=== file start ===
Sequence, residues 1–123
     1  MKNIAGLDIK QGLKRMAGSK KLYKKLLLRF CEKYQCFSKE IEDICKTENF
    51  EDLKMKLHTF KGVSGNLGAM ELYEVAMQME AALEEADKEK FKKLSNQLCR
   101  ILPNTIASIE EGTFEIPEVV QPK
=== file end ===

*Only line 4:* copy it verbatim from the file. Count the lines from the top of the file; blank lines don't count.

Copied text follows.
   101  ILPNTIASIE EGTFEIPEVV QPK